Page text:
FIG. 1 is a schematic flow diagram of the preferred embodiment of the process of this invention.
FIG. 2 is a schematic diagram of an attrition mill suitable in the process of this invention.
FIG. 3 is a cross-section along line 3--3 of FIG. 2.
FIG. 4 is the view of a portion of a grinding element of FIG. 4.
1. Field of the Invention
This invention relates to a process for the ambient temperature grinding of soft polymers in the presence of a grinding aid.
2. State of the Art
It is often desired to produce polymer powders or small granules for use in polymer compounding, especially for blending with other polymers to modify or improve their properties. A typical example of such an application is the use of an ethylene/vinyl acetate/carbon monoxide terpolymer as a modifier of polyvinyl chloride, as described in U.S. Pat. No. 3,780,140 to Hammer.
Grinding of soft and sticky polymers at ambient temperature often is difficult or even impossible because of the reagglomeration of the small particles produced into larger aggregates and because of sticking of the material to the grinding equipment. One way to solve this problem is to grind soft polymers using liquid nitrogen as the cooling medium. This process, known as cryogenic grinding, is quite expensive. In addition, it is practical only in equipment of a rather limited size, which can process only a relatively small amount of polymer per unit of time.
Another prior art method calls for the addition to the polymer of a grinding aid, which adheres to the surfaces of the polymer particles and thus reduces their tackiness and prevents or reduces their reagglomeration into larger aggregates. See, for example, U.S. Pat. Nos. 3,190,565 to Jayne and 3,648,937 to Ehrreich; Japanese patent application No. 79/52,154 to Nitto Electric Industries; and Japanese patent application No. 80/109,614 to Matsushita Electric Works. Grinding in the presence of a powdered organic polymeric additive or of an inorganic powder is carried out at room temperature. This process is of interest when the presence of the grinding aid is not detrimental to the final product.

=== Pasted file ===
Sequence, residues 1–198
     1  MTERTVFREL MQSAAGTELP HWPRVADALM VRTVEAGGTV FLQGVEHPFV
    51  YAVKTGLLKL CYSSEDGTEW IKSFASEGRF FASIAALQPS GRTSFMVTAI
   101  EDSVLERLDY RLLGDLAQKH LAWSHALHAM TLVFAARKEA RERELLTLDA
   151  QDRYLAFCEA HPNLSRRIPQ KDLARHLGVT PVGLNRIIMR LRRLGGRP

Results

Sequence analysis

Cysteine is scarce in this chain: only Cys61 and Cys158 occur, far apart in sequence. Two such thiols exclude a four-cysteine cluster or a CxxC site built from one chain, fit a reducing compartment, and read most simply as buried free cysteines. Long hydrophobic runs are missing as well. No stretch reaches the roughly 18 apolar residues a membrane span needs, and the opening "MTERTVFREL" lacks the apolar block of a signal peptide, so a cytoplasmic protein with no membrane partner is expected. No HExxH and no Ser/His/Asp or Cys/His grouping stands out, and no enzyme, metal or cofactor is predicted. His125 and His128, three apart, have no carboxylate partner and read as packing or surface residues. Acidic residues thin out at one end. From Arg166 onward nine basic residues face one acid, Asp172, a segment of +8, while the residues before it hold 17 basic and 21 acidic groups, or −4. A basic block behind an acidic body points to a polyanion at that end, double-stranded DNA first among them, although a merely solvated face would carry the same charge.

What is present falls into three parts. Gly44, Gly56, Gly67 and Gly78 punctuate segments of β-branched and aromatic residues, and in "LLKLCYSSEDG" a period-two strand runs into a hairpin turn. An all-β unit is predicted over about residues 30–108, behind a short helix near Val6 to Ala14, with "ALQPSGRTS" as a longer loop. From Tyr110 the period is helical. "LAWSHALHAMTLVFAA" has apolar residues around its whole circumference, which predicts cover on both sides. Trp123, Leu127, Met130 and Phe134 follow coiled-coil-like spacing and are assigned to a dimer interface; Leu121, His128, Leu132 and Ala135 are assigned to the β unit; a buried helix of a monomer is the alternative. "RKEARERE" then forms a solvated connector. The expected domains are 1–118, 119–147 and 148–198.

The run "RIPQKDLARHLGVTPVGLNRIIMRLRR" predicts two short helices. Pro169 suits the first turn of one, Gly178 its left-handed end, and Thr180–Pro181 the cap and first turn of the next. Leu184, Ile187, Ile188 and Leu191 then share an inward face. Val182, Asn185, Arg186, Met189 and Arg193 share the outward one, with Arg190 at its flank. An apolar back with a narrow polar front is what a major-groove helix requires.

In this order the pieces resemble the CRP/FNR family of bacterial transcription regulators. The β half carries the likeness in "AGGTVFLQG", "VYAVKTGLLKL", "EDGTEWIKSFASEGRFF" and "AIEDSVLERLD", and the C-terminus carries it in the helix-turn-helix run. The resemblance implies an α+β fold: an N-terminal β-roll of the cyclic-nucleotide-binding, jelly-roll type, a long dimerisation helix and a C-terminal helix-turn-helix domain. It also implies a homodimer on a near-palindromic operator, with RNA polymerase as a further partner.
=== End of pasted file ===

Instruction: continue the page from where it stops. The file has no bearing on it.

Grinding at ambient temperature in the presence of a grinding aid has some drawbacks, which make this technique impractical for commercial production. First, the grinding rate is quite slow, and thus the throughput of the material often is unsatisfactory. Second, the process requires elaborate dust collection and recycling equipment because a large proportion of the grinding aid is not effectively attached to the polymer particles and must be recovered. There is a need, therefore, for an ambient temperature grinding process, where those prior art drawbacks would be eliminated.
According to this invention, there is now provided a process for grinding a soft and tacky polymeric material in the presence of a grinding aid at ambient temperature, wherein grinding is carried out in an attrition mill having counter-rotating grinding elements rotating at a tip speed of at least about 170 m/sec, air being passed through the mill at a flow rate of at least about 350 m.sup.3 per kg of polymer throughput, the polymer throughput being more than about 90 kg of polymer per hour, the amount of grinding aid being about 5-20% based on the weight of the polymer; the mill being set so that about 1-40% of the polymer fed to the mill is recycled as oversize material, which material added to the feed preheats the feed stream to a selected temperature at or above ambient; and a portion of the air exiting from the mill is recycled to the incoming air, when it is desired to further increase the temperature;
the grinding temperature being such that the surfaces of polymer particles melt, thus allowing the grinding aid to well adhere thereto and minimizing the amount of loose grinding aid to be disposed of;
most loose grinding aid being removed with the air flowing through the attrition mill and optionally collected at the exit from the mill.
For the purpose of this description and claims, "tip speed" is the speed of a point on the periphery of a grinding element of the attrition mill relative to the speed of a point on the periphery of a counter-rotating grinding element of the mill (thus, the sum of both peripheral speeds).
The term "grinding at ambient temperature" means that grinding is conducted at a temperature at least equal to that of the surrounding air. It is realized, however, that the actual temperature within the mill normally will be higher than the temperature of the surrounding air, even though some cooling (e.g., with fresh air drawn through the mill) may be taking place. "Grinding at ambient temperature" thus is a term used in the industry to distinguish from "cryogenic grinding".
This is a continuation-in-part of our copending application Ser. No. 686,520, filed Dec. 26, 1984 now abandoned.